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Bring on the Feels: The Last of Us – Left Behind

Written by: Adam “ManKorn” Korenman, CC2K Video Games Editor

Break out your tissues and clear your schedule, Naughty Dog is taking over your evenings once again. 

This passed February 14, some of you were enjoying a night of romance for Valentine’s Day. Other, more cynical readers might have been celebrating with a bottle of hooch for “Forced Affection Day / Singles Awareness Day.” But hopefully there was a number of you celebrating the long weekend in style with the latest DLC from Naughty Dog. 

Left Behind is the first add-on for the Game of the Year powerhouse The Last of Us. Instead of trying to reinvent the game with new mechanics or stronger weapons, Left Behind focuses on building on the immense and incredible world developed in the first release. Leaving Joel and the adventure with the Fireflies in the future, the story focuses on Ellie and her best friend Riley. Set shortly before the events of the original game, Left Behind is a character study that explores the dynamics of friendship, true feelings of helplessness, and the ominous tones of the horror to come. In a word, it is fantastic. 

As the story is the heart and soul of this adventure, I won’t spoil it. Ellie and Riley start their journey with a short fight, but are quickly back to joking around as they explore a dilapidated mall. Their friendship seems genuine, and the ever-stellar Naughty Dog writing team nails the dialogue in every second. There are campy moments, but they feel like the sort of tongue-in-cheek joshing that occurs in real life. If you thought the acting in the first Last of Us was incredible, you haven’t seen anything yet. 

The action is muted, and with purpose. This isn’t Joel’s adventure, and Ellie has yet to be hardened by a life on the road. This is the story of a girl and her friend, not a budding warrior-princess-Lara Croft. Ellie is resourceful but still very much a child, and her limitations make scenarios with Hunters and Clickers all the more dangerous. Instead of charging in with pistols blazing, you often have to rely on the environment, or pitting enemies against each other. It is a small tweak in the gameplay, but one that serves the story rather than the other way around.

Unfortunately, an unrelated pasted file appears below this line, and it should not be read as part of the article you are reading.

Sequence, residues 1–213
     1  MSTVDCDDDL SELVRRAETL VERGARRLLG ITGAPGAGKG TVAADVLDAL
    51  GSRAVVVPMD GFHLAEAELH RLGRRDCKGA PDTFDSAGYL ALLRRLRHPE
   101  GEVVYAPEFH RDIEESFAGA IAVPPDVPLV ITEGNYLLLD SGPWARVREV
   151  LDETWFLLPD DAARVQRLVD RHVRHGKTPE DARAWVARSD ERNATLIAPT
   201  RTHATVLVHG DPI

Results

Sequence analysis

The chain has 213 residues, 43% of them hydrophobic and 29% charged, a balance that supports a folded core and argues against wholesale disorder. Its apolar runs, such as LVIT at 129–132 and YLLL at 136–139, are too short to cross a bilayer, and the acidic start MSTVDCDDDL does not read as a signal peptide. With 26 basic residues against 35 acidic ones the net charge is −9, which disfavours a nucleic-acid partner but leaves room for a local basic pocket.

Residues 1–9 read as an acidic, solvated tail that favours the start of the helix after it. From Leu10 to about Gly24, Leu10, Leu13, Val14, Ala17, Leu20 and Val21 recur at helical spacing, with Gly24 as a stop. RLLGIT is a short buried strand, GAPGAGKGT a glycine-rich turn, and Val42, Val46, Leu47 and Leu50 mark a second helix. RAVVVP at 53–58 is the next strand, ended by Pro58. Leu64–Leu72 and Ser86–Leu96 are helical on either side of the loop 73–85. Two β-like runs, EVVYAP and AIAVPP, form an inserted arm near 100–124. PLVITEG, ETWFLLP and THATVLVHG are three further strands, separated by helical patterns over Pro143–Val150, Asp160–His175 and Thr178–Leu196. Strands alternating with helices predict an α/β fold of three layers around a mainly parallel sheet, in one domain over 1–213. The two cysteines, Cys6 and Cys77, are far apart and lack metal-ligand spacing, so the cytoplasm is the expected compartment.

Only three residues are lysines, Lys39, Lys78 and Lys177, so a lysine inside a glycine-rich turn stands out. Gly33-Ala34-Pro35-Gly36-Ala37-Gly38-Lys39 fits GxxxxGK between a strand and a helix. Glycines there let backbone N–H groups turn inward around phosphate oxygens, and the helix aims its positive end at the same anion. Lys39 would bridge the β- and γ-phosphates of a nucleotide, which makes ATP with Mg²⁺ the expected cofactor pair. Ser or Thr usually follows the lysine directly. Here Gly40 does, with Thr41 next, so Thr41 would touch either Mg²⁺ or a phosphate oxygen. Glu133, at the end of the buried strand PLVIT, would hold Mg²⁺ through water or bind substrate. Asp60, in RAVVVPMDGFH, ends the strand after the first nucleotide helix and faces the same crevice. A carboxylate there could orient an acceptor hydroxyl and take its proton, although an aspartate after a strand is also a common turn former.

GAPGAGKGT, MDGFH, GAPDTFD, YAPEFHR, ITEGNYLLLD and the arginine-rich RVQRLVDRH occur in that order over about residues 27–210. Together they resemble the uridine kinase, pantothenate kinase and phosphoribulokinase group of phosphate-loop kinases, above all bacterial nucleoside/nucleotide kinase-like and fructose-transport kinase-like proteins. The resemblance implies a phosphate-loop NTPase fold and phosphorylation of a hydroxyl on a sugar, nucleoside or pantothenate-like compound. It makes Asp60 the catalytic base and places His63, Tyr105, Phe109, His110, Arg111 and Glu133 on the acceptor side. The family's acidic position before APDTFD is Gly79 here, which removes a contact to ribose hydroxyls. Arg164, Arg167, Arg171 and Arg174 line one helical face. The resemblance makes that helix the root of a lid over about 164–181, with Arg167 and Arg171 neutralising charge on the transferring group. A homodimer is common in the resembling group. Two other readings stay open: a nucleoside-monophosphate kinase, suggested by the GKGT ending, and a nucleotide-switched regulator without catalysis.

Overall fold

If the first Last of Us told the story of a father-daughter relationship, Left Behind shoots for the inseperable bond of sisterhood. Hell, if you’ve ever had a friend, you will relate to the characters. Riley is at times precocious and mischevious, but also soft and empathetic. Ellie, too, is a different person from the original game. For the first time, players will get to see her as a child in a broken world, before reality broke her. It is a beautiful journey, and one I can’t recommend enough.

For those of you who enjoyed the first game, you’ll no doubt pick up the DLC. It is a perfect continuation on the best game of the last generation. For those of you on the fence, I urge you to give it a shot. Aside from being painfully beautiful and expertly paced, these three hours demonstrate storytelling at its finest, and show you that a game can truly be more than just a sequence of violence followed by exposition.

As for me, I can’t wait until Naughty Dog delivers again. We might get a little more of Joel and Ellie before the triumphant return of Nathan Drake early next year. It gives us a reason to hold on to that PS3 just a little longer.